A set of personal circumstances, in addition to the projections of Morocco’s High Commissioner for Planning (Haut commissaire au Plan), Mr. Ahmed Lahlimi, for the year 2030, have led me to think a little more seriously about the future of computers in the evolution and progress of human societies in this new century (millennium is too broad a category to consider when talking about rapidly evolving technologies). Mr. Lahlimi expects Morocco to become a major “hub” for innovation and the management of human resources through the use of communication systems. Agriculture and a semi-industrial economy couldn’t give Moroccans the dream they have long been awaiting, but the mastery of computer technologies and other media of communication might give the country an advantage in what is expected to be a multi-polar global economy with its “open regionalisms.” (Europe would have been enlarged to encompass its southern Mediterranean shore.) Could computer know-how really propel Morocco to this phase of social development? To find out, I enclosed myself in the basement and read Ben Shneiderman’s lyrical, almost utopian, book, published by the M.I.T. Press in 2002, about the power of computing to advance the quality of life on earth.
In Leonardo’s Laptop: Human Needs and the New Computing Technologies, Ben Shneiderman, Professor of Computer Science and Founding Director of the Human-Computer Interaction Laboratory at the University of Maryland, College Park, announces that the age of “new computing,” one that puts human needs at the center of computer technology, has dawned. Whereas “old computing” was about mastering arcane, quasi-incomprehensible, and mostly unreliable computer technologies, a process that favored geeks, new computing is inspired by the vision of the great Renaissance man of arts and sciences, Leonardo da Vinci (1452-1519), the legendary savant who integrated all disciplines in his pursuit of perfection and human empowerment. In the culture of new computing, humans will become makers again, and novices will “perform better than today’s experts.” This humanistic approach to computing should combine innovation (or e-novation) with communal solidarities and individual enrichment, since new computing is not about “mastering technology” but about “supporting human relationships.” It is, understandably, a “Copernican shift,” one that is, however, inevitable if human values are to take precedence over technology. (Computers don’t have Aha! moments, only humans do, Shneiderman asserts at one point.) What the computer scientist calls “universal usability” is basically ease of use to empower students, businesses, health providers and consumers, and citizens, and any number of social and business endeavors. Even peace could be attained through new computing.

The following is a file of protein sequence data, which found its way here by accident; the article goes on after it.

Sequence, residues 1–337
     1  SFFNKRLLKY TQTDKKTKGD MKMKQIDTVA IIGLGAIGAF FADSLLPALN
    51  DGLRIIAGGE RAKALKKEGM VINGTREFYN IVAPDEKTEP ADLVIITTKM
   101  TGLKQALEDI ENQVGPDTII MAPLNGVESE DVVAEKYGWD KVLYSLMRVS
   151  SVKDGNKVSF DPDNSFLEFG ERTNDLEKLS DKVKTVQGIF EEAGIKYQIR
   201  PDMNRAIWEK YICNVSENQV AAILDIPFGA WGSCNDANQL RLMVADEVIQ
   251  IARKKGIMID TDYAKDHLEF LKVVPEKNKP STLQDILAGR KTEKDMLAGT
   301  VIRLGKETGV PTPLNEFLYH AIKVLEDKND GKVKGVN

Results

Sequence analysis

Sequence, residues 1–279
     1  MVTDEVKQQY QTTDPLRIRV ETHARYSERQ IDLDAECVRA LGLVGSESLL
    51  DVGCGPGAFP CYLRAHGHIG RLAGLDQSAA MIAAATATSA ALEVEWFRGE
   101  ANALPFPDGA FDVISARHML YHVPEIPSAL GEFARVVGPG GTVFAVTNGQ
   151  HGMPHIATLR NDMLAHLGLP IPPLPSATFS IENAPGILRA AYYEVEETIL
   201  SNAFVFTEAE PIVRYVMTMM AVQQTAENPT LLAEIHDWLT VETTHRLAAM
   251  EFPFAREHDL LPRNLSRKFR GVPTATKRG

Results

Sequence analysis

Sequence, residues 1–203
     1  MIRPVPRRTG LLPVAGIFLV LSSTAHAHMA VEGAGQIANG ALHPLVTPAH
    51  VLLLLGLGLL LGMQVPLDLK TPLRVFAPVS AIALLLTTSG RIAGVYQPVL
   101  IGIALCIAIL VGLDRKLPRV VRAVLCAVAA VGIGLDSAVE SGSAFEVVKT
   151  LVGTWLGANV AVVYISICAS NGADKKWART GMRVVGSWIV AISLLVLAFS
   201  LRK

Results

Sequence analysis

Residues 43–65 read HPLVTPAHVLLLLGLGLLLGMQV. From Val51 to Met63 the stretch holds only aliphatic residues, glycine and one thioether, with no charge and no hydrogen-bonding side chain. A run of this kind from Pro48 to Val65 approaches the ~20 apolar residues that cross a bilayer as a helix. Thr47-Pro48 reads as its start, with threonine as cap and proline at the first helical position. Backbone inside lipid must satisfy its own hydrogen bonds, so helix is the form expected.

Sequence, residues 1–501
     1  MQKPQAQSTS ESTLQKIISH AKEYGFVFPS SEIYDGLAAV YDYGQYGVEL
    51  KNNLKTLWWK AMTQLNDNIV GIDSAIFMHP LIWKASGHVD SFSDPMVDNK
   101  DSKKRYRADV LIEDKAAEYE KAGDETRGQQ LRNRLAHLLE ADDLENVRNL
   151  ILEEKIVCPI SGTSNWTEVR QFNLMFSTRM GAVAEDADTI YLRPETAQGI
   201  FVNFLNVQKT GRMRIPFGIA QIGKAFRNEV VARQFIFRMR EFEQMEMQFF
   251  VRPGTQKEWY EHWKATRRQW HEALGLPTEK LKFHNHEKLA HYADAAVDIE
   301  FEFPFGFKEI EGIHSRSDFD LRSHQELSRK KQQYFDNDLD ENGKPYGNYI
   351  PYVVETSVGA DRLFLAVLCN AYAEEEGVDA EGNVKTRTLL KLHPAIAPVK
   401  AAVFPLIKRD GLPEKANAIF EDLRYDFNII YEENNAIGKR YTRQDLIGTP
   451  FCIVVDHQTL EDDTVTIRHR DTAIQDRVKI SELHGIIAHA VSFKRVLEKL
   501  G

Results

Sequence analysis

How do we reach “universal usability”? Using the movements for car safety and the environment as examples from the recent past, Shneiderman expects consumer and media activism on behalf of versatile, reliable, usable, and better designed programs and interfaces. He champions programs and designs with “layered approaches” that meet a wide variety of users’ needs, ranging from the disabled to the poor. Admittedly, this is not an easy task, but it is one that he thinks is feasible. Software companies that are reluctant to invest in new computing should even face an “uprising” and public anger since they refuse to take their consumers’ concerns seriously. Fortunately, software, like AOL’s ICQ, already exists to show the way.